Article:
chemicals found in
soil samples of
Residents of Village ParkBy Gordon Y.K. Pang
and West Loch Fairways search
for the cause of increased illnesses
Few samples of dangerous chemicals have been found in the soil at Village Park and West Loch Fairways on Oahu, according to a draft report done for the state Health Department.
Residents of the two areas for years have believed that pesticides and herbicides used by agricultural companies in and around their neighborhoods are to blame for an increase in ailments in their families.
The results will be presented by the Health Department 6 p.m. Tuesday at the Kaleiopuu Elementary School cafeteria.
"In general, few of the agricultural (chemicals of potential concern) were detected throughout the study area," according to the executive summary of the report, done by Ogden Environmental and Energy Services Co. under a $220,000 appropriation from the state Legislature.
Harmful pesticides often associated with the pineapple and sugar industries -- including ethylene dibromide, dibromochloropropane and trichloropropane -- were not detected, the report says.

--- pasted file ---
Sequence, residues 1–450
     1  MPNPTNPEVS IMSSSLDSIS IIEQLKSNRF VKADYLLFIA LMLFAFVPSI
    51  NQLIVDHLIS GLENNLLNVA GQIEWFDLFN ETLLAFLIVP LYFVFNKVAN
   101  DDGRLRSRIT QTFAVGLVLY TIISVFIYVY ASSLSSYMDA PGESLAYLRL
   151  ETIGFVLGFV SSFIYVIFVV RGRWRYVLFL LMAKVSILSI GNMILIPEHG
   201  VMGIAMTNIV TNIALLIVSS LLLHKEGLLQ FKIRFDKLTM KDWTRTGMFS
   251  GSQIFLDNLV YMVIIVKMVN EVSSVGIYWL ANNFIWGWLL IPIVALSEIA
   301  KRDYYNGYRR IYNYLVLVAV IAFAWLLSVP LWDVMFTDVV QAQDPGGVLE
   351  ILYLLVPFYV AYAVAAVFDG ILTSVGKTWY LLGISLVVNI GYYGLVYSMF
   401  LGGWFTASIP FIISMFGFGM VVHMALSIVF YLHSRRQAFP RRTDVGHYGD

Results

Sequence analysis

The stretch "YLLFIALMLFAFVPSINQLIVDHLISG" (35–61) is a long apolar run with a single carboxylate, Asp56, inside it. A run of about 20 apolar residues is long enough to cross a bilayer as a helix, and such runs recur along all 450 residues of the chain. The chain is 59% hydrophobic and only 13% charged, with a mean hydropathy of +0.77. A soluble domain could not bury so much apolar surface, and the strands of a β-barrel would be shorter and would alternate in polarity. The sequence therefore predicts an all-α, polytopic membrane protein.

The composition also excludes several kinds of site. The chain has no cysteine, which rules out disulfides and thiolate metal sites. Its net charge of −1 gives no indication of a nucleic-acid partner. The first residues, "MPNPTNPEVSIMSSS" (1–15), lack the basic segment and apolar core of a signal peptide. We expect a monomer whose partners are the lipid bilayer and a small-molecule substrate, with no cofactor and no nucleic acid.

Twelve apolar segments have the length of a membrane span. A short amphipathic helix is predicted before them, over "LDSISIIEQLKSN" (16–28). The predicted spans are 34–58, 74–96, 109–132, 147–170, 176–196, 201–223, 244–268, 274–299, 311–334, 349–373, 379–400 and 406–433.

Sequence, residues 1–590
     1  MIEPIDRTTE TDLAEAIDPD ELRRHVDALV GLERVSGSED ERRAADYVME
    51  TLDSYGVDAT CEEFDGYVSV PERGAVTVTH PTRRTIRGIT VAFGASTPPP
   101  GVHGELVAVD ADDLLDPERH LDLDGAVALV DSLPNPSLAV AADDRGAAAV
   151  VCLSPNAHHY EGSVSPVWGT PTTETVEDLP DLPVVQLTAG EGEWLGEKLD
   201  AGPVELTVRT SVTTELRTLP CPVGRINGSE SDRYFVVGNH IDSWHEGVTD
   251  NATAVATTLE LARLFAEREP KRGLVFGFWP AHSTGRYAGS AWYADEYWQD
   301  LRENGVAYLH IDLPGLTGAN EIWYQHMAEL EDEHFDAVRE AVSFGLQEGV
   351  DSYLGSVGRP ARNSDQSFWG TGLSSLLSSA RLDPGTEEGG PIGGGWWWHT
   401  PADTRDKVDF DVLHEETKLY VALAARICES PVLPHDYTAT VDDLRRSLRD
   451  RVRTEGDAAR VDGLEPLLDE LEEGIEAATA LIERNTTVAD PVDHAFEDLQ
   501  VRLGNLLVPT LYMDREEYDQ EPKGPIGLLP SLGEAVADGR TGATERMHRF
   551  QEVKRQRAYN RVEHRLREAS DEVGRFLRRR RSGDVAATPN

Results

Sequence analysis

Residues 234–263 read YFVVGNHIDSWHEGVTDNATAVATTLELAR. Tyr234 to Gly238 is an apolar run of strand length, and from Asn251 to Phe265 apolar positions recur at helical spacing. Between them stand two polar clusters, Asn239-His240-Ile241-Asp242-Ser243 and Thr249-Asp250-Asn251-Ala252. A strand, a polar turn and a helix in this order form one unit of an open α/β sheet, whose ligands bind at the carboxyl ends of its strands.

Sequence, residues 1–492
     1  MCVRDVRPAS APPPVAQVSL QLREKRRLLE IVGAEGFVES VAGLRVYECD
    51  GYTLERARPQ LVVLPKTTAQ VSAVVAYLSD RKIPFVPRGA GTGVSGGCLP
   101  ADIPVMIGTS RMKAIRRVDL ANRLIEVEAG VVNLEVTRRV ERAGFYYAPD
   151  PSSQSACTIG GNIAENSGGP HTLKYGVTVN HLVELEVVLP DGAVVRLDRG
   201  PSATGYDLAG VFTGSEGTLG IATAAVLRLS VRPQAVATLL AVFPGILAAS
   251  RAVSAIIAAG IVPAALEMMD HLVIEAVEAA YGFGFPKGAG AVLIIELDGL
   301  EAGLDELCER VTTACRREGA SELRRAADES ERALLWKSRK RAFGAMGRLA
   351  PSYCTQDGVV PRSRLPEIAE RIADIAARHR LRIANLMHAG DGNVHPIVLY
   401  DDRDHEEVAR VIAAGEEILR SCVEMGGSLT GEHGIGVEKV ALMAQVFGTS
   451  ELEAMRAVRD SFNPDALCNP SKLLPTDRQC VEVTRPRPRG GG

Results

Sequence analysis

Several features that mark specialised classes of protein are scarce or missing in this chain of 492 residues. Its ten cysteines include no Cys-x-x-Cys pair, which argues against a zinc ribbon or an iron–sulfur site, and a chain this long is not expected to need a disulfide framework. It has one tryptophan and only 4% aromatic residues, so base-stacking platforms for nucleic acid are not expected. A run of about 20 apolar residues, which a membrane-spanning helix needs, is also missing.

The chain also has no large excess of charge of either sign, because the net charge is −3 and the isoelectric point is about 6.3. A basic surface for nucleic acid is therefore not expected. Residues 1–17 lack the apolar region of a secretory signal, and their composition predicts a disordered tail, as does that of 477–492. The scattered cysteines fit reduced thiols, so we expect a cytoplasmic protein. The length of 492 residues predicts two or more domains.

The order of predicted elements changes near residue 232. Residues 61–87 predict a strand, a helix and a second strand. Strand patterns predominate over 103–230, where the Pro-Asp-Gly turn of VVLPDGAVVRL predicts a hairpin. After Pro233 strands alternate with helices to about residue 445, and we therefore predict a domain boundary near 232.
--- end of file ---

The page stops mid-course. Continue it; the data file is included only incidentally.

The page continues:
Detected chemicals included arsenic, chromium, lead, copper and mercury but "the detection of those analytes ... is consistent with background levels found throughout the state."
Various concentrations of dioxin/furans also were found at different sampling sites, but "this was anticipated because of the past agricultural uses in the areas," the report states.
Keith Kawaoka, manager of the hazard evaluation and emergency response office, said the Health Department is still analyzing the report and declined comment.
Henry Curtis of Life of the Land, which has helped Village Park residents lobby the Legislature for funding for the soil study, said the survey is a "good first step" toward discovering the cause of ailments.
"It's good we didn't find the herbicides, but this is the first time that anybody has looked at what's there and it's preliminary," Curtis said.
As for the findings of arsenic, chromium, copper, lead and mercury, "we have not had a chance to analyze the risk implications," he said.
Cheryl Yamane, head of a group of neighbors known as Citizens for a Safe Environment, said she has not had a chance to view the document fully.
Both groups were to meet with Ogden and health officials before Tuesday's meeting.
Attorney Glenn Stanford, whose law firm has sued agricultural plantations and chemical manufacturing companies in the dispute, said the findings won't cause a change in course.
That the samplings did not detect herbicides and pesticides was not a surprise, he said. "We figured they would be volatilized in the soil," he said.
Stanford also noted that very few deep-soil samplings were done.
Health Department officials said they focused on surface rather than deep-soil sampling because of cost considerations, and because they felt greater health impacts would occur at the surface level.